A lot of people love to accessorize and personalize their cars. Whether it’s a vanity license plate, bumper stickers, a fuzzy neon steering wheel cover, a smiley face stuck on top of the antenna, or some Mardi Gras beads hanging from the rearview mirror, there are plenty of methods – both tacky and classy – for dressing up your vehicle a bit. (In all honesty, most of them tend towards the tacky, and I’m not excepting myself. I have bright green Mardi Gras beads hanging from my rearview mirror, but at least I put away the fuzzy dice a while ago.)
With some skill and creativity, however, there are ways to make your car unique in a not only classy but authentic-looking manner. Russell Singer, design director at MAKEiT, Inc., has plenty of skill and creativity, and he’s willing to share it. Founded in Pasadena, California in 2014, MAKEiT specializes in industrial desktop 3D printers; Singer, who holds degrees in industrial and systems design, joined the company after working as a research fellow at NASA’s Jet Propulsion Laboratory. Recently, he began a blog called The First Layer as part of the MAKEiT website, where he dedicates time and space to offering 3D printing tips and projects.
Project Number One: a lovely Mini Cooper enhancement in the form of a 3D printed, wood-finished shift knob for his car’s manual gear shift. It’s a pretty specific project, but I suspect that with some skill in 3D design and/or scanning, it can be adapted for any stick shift-bearing car.
“Because the shift knob is a regular point of tactile interaction it was important to achieve not only a high quality finish that would appear as wood, but also a comfortable form with enjoyable tactile feedback and functional usability,” he says. “Aside from preferences on shift knob weight and profile, the only real functional consideration is getting a snug secure fit on the shifter shaft. After one attempt with a simpler friction-fit design, I found the hot daytime temperatures in Southern California would cause enough size distortion to loosen the knob even though it might be very stuck in place in cooler temperatures. I revised the design to work with set screws and some hex nuts that are enclosed into the print.”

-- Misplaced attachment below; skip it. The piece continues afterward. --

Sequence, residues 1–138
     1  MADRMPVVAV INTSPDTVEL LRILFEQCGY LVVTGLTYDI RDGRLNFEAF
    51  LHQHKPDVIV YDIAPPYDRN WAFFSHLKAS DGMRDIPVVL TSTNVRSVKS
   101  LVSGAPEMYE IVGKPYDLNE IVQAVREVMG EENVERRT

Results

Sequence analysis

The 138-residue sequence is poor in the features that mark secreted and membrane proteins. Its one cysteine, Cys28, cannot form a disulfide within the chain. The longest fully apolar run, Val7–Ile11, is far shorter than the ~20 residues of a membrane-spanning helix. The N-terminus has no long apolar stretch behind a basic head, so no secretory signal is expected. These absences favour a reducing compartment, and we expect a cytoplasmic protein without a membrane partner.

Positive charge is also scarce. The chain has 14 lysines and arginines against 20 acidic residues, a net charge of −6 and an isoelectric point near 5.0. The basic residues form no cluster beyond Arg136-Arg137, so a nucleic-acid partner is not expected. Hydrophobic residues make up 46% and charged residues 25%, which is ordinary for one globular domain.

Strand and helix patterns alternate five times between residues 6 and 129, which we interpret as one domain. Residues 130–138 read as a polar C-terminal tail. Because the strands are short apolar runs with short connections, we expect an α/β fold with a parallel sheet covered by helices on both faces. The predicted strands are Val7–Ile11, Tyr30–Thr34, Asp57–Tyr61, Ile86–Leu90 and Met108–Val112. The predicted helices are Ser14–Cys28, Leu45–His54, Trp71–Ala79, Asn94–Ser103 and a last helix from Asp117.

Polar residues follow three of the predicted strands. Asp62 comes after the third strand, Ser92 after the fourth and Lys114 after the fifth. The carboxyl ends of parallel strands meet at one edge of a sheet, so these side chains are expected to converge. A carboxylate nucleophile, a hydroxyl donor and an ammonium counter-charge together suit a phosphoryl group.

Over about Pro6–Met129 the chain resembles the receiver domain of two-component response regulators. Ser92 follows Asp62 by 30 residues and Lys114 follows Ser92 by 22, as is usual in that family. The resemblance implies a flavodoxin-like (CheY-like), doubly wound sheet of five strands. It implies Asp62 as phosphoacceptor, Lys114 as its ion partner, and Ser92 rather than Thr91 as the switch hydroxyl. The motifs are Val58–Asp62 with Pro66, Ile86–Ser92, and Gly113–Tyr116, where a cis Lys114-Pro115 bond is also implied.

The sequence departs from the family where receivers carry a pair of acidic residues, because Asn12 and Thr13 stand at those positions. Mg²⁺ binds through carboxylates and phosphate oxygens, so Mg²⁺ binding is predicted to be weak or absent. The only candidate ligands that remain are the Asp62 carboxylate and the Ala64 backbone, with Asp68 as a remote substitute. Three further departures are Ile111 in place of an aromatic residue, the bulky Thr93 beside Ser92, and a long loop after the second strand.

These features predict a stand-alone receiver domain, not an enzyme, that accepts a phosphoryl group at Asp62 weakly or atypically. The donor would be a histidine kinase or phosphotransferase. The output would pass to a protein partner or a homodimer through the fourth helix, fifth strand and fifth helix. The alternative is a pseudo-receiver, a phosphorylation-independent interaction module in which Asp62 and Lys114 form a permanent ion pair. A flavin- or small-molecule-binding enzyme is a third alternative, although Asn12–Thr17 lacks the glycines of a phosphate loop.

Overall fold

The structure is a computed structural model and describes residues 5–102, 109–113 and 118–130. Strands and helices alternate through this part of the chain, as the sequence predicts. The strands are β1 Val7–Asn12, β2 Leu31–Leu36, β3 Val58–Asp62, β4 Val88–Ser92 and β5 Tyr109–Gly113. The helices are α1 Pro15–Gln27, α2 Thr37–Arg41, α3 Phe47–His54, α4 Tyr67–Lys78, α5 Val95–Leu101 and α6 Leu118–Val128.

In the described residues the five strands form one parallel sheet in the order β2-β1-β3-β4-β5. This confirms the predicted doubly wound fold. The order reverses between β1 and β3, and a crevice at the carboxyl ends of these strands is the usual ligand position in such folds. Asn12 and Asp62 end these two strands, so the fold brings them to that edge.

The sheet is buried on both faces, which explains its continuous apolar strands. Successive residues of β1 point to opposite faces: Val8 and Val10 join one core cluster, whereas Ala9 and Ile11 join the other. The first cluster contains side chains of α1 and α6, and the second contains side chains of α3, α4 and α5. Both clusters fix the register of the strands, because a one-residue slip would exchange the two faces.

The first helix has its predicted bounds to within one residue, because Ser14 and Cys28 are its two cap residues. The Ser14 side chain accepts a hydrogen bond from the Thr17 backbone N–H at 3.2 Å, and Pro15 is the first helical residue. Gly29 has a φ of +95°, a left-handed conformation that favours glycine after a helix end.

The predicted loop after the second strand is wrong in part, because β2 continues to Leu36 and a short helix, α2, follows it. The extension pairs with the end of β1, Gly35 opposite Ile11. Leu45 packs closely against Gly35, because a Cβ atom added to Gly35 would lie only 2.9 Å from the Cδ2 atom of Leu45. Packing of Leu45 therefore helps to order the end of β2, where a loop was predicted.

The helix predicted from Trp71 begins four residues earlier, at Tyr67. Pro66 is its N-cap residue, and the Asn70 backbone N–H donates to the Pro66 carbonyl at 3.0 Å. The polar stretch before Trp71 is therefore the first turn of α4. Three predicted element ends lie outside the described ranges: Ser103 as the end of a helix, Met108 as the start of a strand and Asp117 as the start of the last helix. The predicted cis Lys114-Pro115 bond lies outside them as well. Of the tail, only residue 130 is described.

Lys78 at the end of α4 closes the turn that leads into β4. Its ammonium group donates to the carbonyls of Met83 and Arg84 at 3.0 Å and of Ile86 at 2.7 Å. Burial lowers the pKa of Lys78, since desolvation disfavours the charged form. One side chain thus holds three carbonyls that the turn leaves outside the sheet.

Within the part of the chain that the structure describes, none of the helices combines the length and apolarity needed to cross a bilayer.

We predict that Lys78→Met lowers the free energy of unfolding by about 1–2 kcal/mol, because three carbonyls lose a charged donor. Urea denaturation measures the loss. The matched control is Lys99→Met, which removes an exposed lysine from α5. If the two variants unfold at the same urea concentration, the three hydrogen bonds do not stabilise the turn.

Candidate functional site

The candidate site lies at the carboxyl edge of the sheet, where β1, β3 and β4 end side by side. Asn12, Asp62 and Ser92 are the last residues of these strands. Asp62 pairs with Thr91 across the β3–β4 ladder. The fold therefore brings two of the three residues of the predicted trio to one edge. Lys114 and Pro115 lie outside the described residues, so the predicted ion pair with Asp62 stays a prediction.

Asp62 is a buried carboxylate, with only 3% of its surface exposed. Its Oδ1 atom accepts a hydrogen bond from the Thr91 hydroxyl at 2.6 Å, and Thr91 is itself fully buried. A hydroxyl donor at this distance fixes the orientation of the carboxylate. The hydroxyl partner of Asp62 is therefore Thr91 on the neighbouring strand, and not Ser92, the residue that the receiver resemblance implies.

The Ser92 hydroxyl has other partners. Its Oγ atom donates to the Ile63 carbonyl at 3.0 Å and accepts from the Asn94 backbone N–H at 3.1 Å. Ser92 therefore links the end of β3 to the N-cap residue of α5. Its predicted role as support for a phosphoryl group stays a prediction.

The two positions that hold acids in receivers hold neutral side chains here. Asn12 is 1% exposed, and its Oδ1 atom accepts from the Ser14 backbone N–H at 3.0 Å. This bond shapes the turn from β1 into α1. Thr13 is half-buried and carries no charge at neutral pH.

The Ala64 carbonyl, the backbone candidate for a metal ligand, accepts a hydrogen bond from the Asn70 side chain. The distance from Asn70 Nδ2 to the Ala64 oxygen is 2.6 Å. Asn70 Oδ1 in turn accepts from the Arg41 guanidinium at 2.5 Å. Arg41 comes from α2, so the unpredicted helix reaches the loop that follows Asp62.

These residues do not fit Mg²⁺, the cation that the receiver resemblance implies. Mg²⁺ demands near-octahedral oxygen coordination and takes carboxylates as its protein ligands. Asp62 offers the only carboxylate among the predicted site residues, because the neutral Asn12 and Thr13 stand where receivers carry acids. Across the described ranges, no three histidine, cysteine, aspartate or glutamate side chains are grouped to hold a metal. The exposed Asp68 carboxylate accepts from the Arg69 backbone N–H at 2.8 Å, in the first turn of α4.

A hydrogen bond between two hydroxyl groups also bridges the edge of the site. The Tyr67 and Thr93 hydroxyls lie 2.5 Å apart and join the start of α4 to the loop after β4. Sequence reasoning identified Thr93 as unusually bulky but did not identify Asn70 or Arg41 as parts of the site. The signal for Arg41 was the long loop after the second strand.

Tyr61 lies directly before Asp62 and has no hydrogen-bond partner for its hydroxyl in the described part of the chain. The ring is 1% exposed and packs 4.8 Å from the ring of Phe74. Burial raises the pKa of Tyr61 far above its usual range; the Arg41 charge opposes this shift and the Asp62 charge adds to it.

Encapsulating the hex nuts into the print involved a bit of deft maneuvering that involved stopping the print job, quickly inserting the hardware, and resuming the print. Singer decided to do this by hand, although he states that certain slicing software plugins, such as PauseAtZ or TweakAtZ in Cura, will program the pause in for you.
Three cap screws were threaded into place after the part finished printing, and then it was time for the fun part – making the knob look pretty. Singer played around with a few different materials before settling on a wood filament from Hatchbox. For an authentic wooden look, he switched his printer nozzle to a 0.6mm diameter so that the final print came out rough and uneven-looking. For an added touch, he set up the print in Simplify3D so that the print resolution changed several times mid-print, from 0.35mm to 0.075mm, resulting in a nice, natural look.
For the finishing process, Singer recommends any water-based wood stain, applied in three coats with a round of sanding between each one. Several coats of shellac made his stained part glossy and well-sealed, at which point he added wood filler to make the engraved letters and numbers on the shift head stand out. He then sanded the part one more time and blasted it with a quick finishing coat of enamel spray.
“The final result is a truly unique shift knob that is as nice to use as it is to look at,” he says. “With three set screws tightened on the shifter shaft it’s as secure as the factory shift knob, and to date this customized part never fails to get compliments and surprised reactions when passengers learn that yes, it was actually 3D printed.”
Want to try it? Check out the full instructions for printing on Singer’s blog here, followed by step-by-step instructions for getting that nice wood finish. Are you a 3D Printing and/or Mini fan? Discuss this project over in the 3D Printed Mini Gear Shifter forum at 3DPB.com.